*Will somebody think of the children! Let them have cheap books! Mandatory internet filters will make them big and strong and put a rose in every cheek... Or is that Vegemite?
Inanna was the Sumerian goddess of sex, love, fertility and warfare. Her sister was Ereshkigal, queen of the Underworld, and Inanna wished to visit her.
Before she left, she told her uncle Enki, god of craft, water, intelligence and creation where she was going, in case she got into trouble. Then she dressed for her visit in a turban, wig, a lapis lazuli necklace, beads, a royal dress, a golden ring and a lapis lazuli measuring rod.
The gatekeeper of the first gate of the Underworld informed Inanna that she could only pass if she handed over the measuring rod.
'Why?' asked Inanna.
The first gatekeeper shrugged. 'It is just the way of the Underworld.'
Inanna handed over the rod and passed through the gate.
At the second gate, the gatekeeper asked her for her golden ring.
'Why?' asked Inanna.
The second gatekeeper shrugged. 'It is just the way of the Underworld.'
Inanna handed over the ring and passed through the gate.
At the third gate she surrendered her beads. At the fourth, her necklace. The fifth gatekeeper took her turban and the sixth her wig. At the seventh gate she removed her dress, and arrived before her sister naked, all of her power stripped from her along with her jewels.
Ereshkigal was not the the most loving of sisters. She was jealous that Inanna could come and go as she pleased, when she, Ereshkigal, could never leave the Undeworld. So she declared that Inanna was to be turned into a corpse and hung on a meathook.
For three days and nights, Inanna's rotting corpse hung from the meathook. And then her uncle Enki started to worry about her.
He took the dirt from under his fingernails and made two tiny creatures who were neither male nor female. He whispered to them to appease Ereshkigal, find Inanna, and sprinkle her corpse with the food and water of life.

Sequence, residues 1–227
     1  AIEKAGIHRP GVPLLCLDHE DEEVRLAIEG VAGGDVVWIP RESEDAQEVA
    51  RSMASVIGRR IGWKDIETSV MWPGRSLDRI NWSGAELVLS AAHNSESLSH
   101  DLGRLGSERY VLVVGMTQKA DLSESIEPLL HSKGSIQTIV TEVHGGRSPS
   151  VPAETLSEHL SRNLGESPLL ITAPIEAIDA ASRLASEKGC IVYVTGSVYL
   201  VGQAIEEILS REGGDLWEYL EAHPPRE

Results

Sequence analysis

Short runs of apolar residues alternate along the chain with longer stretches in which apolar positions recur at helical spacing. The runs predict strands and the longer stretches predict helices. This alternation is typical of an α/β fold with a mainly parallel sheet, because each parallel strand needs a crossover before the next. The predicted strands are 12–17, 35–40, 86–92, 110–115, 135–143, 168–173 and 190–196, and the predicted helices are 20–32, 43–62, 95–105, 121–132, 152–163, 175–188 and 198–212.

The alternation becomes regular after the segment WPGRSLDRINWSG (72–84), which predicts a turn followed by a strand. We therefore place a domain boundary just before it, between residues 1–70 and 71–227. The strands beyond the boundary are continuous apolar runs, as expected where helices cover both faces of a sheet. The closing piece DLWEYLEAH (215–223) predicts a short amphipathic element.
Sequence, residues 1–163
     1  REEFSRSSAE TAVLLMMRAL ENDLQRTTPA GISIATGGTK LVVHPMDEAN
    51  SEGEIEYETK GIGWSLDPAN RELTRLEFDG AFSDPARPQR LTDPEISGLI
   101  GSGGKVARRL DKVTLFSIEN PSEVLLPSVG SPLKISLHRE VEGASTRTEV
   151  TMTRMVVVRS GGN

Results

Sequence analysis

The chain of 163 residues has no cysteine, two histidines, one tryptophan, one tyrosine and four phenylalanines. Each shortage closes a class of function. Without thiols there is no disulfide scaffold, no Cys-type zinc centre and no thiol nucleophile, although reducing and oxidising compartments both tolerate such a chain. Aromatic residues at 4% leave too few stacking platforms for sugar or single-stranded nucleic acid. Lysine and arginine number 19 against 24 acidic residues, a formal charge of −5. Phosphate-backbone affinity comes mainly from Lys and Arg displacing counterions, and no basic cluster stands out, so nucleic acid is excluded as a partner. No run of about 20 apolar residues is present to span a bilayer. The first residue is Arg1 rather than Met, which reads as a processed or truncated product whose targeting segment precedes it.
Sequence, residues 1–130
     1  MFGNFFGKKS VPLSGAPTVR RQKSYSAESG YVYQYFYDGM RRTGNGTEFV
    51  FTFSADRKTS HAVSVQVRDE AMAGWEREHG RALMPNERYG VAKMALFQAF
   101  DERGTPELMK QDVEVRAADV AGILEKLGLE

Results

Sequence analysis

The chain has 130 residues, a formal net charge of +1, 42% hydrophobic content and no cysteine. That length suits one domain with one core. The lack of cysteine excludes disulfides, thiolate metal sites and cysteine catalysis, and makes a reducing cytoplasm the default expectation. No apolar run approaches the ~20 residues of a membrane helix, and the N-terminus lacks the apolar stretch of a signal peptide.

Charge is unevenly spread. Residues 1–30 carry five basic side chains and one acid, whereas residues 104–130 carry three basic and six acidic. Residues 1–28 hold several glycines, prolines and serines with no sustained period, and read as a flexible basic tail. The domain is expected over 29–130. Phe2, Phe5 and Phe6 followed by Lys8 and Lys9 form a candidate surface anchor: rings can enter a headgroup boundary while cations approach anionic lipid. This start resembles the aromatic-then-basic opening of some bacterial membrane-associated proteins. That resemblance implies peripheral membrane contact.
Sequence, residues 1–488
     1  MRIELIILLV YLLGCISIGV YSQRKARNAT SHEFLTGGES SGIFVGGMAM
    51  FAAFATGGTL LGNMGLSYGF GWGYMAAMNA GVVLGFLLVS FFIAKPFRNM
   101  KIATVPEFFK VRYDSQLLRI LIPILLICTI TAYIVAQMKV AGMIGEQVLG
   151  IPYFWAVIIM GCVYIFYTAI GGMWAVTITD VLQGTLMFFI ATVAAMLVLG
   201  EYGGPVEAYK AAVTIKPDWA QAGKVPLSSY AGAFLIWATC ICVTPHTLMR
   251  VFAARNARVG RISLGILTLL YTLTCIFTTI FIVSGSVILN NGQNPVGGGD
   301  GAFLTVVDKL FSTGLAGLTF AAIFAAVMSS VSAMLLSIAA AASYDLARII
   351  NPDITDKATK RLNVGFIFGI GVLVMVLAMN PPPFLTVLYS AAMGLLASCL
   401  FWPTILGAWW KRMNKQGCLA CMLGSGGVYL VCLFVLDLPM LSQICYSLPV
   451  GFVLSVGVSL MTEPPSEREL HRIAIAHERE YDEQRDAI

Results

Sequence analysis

The fingernail-creatures were so tiny that they passed through all seven gates of the Underworld unnoticed. When they found Ereshkigal, she was moaning and crying like a woman giving birth.
'The terrible pain!' she cried.
'Oh!' said the fingernail-creatures relied. 'Poor you! You must feel terrible.'
'I do!' said Ereshkigal. 'It hurts so.'
'Tsk tsk,' said the fingernail-creatures. 'You're being so brave. You are wonderful.'
Ereshkigal was so grateful for the sympathy of the fingernail-creatures that she asked them what they wanted. They replied that they wanted the corpse of Inanna.
They sprinkled the rotting meat with the food and water of life, and revived Inanna, but Ereshkigal declared that she couldn't leave the Underworld unless someone took her place. She then sent demons up to the surface to find someone to replace Inanna.
First they came across Nincurba, Inanna's priest, who was mourning for Inanna. Inanna refused to let him take her place, as he had been there for her. Next the demons found Cara, Inanna's beautician, also in mourning. But Inanna refused him too, as Cara had always been there for her. Then the demons came across Dumuzi, Inanna's husband. He was dressed in nice clothing and enjoying himself even though his wife was missing presumed dead. Inanna frowned and let the demons take him.
And so Inanna returned to her home with the memory of hanging on the meathook fresh in her mind, the memory of how it felt to be stripped of her clothes and power. And a renewed appreciation for the people who she loved, who loved her back.
I had my astrological chart done yesterday. It's not really the sort of thing I'd normally do - it was a birthday present from some friends. But it turned out to be very interesting.
I don't believe in astrology. I don't think that what time of day I was born affected my personality. But I think that there are common experiences of being a human, and therefore humanity has common stories. These stories - myths, fairy tales, fables - are useful in interpreting our own lives and stories, and understanding what it means to be human. So astrology is a bit like that - it's a fictional construct, but a useful tool to help us understand ourselves a little better.
So here's what I learnt about myself yesterday. I'm an Aries Sun, Aries Ascendant, Aries Mars and Aries Venus. This is a lot of Aries. I am headstrong, fiery, bossy, curious, creative. I'm independent but not alone. I have a Taurus Moon, which makes me take all my Aries energy and ground it, turning it into something practical and valuable - like writing books.
Anyway. One of the most interesting things that the astrologer said was my relationship to the feminine. She said that other bits of my chart indicated that part of my "quest" was to champion the feminine, and bring it to the fore not as an opposition to the masculine, but as an equal, a compliment. Which resonated quite a lot given the ranting I've been doing lately about women's stories and female protagonists.
The astrologer also told me the Sumerian myth of Inanna and Ereshkigal, which I shall repeat here later this week, as it's one of my new favourite stories.